Massachusetts National Cemetery

Massachusetts National Cemetery is a U.S. National Cemetery located in Bourne, Massachusetts, in Barnstable County on Cape Cod, approximately 65 miles (105 km) southeast of Boston, Massachusetts and adjacent to the Otis Air National Guard Base. As of fiscal year 2008, 46,380 have been interred there.

Massachusetts National Cemetery
Committal shelter at Massachusetts National Cemetery.jpg
Committal Shelter in the Cemetery
CountryUnited States
Coordinates41°40′21″N 70°35′11″W / 41.67250°N 70.58639°W / 41.67250; -70.58639Coordinates: 41°40′21″N 70°35′11″W / 41.67250°N 70.58639°W / 41.67250; -70.58639
Owned byUnited States Department of Veterans Affairs
Size749.29 acres (303.23 ha)
No. of graves46,380 at 2008 fiscal year end
WebsiteVA Official Site
Find a GraveMassachusetts National Cemetery


On June 18, 1973, Congress passed the National Cemetery Act which transferred 82 of the United States Army’s national cemeteries to the Veteran's Administration (VA). The following year, the VA’s National Cemetery System adopted the regional cemetery concept plan in which one large national cemetery would be built within each of the 10 standard federal regions, as established by the General Services Administration. A policy was established that new cemeteries would only be created on land already owned by the federal government.

During the mid-1970s, when the National Cemetery System was looking to expand, it determined that the largest veteran population in the northeast was centered in the Boston area. A search soon commenced to find a suitable site for a national cemetery, nearby. The difficult task of locating land which would be available to the government at no cost eventually led to the identification of a 749-acre (303 ha) tract on the 22,000-acre (8,900 ha) Otis Air Force Base as the most likely site. The base occupied land that was leased to the Department of Defense (DOD). A portion of this lease was terminated and the title for 749.29 acres (303.23 ha) was transferred to the VA’s National Cemetery System in 1976. The Otis tract became the first parcel of land acquired by the National Cemetery System for the specific purpose of building a new national cemetery since 1949.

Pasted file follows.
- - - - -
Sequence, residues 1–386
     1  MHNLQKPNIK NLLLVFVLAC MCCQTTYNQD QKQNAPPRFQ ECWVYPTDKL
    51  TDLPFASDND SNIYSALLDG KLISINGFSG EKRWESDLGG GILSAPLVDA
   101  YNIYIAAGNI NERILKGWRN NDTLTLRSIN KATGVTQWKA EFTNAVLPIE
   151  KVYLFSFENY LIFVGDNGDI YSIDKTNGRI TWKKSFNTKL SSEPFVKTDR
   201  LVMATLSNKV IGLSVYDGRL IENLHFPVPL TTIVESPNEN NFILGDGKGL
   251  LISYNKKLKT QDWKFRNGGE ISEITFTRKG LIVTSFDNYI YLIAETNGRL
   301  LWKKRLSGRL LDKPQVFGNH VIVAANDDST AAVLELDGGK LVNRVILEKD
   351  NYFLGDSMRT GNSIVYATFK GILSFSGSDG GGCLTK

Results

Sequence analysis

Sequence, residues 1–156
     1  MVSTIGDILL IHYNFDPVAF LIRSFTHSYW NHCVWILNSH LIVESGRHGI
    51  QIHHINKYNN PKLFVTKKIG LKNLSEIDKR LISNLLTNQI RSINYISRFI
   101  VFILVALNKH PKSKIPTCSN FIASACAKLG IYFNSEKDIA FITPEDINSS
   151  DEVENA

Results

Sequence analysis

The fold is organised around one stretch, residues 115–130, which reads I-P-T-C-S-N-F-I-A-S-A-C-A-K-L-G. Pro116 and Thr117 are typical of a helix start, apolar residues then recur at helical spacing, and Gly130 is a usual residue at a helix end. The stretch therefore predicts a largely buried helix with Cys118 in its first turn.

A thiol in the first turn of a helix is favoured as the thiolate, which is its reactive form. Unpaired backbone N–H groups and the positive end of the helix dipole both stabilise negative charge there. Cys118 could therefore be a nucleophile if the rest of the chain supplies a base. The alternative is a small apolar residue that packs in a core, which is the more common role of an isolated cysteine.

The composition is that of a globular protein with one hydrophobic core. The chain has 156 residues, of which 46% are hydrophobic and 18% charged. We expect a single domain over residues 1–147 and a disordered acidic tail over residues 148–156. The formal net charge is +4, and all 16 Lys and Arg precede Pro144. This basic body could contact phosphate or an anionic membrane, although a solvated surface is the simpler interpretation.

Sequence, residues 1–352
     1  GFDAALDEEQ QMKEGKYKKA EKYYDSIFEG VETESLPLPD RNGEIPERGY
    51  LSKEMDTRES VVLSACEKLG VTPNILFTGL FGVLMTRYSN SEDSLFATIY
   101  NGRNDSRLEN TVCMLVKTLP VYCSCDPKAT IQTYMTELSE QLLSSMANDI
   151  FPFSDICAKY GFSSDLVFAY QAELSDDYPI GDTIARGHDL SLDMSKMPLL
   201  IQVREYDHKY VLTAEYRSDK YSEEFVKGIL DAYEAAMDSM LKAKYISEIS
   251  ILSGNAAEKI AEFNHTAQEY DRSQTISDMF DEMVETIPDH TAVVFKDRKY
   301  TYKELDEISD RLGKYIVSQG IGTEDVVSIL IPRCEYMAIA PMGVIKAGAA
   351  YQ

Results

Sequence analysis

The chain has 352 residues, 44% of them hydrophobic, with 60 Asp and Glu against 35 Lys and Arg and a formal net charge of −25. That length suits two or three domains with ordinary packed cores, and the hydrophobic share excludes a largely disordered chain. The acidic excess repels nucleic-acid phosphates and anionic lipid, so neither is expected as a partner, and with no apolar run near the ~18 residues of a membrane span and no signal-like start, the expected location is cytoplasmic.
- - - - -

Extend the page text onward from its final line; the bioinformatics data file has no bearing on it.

The Massachusetts National Cemetery was dedicated on October 11, 1980 and became the third new national cemetery to open in nearly 30 years. Calverton N.C. in New York, and Riverside N.C. in California, were the first and second, respectively. The site was officially named the Veterans Administration National Cemetery of Bourne, Mass., but over time the lengthy appellation changed in practice, if not in fact, to simply, "Massachusetts National Cemetery".

Monuments and memorialsEdit

Massachusetts National Cemetery has a memorial trail where, as of February 2005, 47 memorials and a carillon have been erected in memory of veterans from World War I to the modern era.

Notable personsEdit

Medal of Honor recipientsEdit

SFC Jared C. Monti at Massachusetts National Cemetery

Other burialsEdit

  • Unknown Union Soldiers. Interred in 2007, in Section 5 Grave 107. The remains were unearthed during highway excavation in South Carolina in the 1980s. They were identified as members of the "Massachusetts Volunteer Infantry" by the buttons from their uniforms.[1]


  1. ^ "The forgotten graves of soldiers killed 157 years ago, during the oppressively hot Battle of Blackburn's Ford". Washington Post. Retrieved 2018-10-23.

External linksEdit